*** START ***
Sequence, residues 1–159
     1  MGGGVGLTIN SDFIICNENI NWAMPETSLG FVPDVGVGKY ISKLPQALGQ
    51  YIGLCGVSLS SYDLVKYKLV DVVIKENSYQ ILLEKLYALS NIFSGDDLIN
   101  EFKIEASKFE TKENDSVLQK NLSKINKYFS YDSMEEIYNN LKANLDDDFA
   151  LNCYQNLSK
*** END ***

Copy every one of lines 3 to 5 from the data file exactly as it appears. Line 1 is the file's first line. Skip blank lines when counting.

    51  YIGLCGVSLS SYDLVKYKLV DVVIKENSYQ ILLEKLYALS NIFSGDDLIN
   101  EFKIEASKFE TKENDSVLQK NLSKINKYFS YDSMEEIYNN LKANLDDDFA
   151  LNCYQNLSK